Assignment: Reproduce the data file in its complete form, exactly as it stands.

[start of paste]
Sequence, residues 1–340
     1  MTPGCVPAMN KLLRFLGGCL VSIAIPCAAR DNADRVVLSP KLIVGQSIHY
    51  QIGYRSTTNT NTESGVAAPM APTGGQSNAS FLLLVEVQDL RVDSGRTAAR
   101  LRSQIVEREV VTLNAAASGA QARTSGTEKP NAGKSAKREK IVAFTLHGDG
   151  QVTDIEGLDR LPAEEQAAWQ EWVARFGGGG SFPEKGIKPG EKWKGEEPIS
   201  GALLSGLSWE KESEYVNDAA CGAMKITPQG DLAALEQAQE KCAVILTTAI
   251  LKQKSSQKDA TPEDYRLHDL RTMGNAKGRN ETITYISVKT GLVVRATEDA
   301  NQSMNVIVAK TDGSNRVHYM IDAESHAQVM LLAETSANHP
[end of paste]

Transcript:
Sequence, residues 1–340
     1  MTPGCVPAMN KLLRFLGGCL VSIAIPCAAR DNADRVVLSP KLIVGQSIHY
    51  QIGYRSTTNT NTESGVAAPM APTGGQSNAS FLLLVEVQDL RVDSGRTAAR
   101  LRSQIVEREV VTLNAAASGA QARTSGTEKP NAGKSAKREK IVAFTLHGDG
   151  QVTDIEGLDR LPAEEQAAWQ EWVARFGGGG SFPEKGIKPG EKWKGEEPIS
   201  GALLSGLSWE KESEYVNDAA CGAMKITPQG DLAALEQAQE KCAVILTTAI
   251  LKQKSSQKDA TPEDYRLHDL RTMGNAKGRN ETITYISVKT GLVVRATEDA
   301  NQSMNVIVAK TDGSNRVHYM IDAESHAQVM LLAETSANHP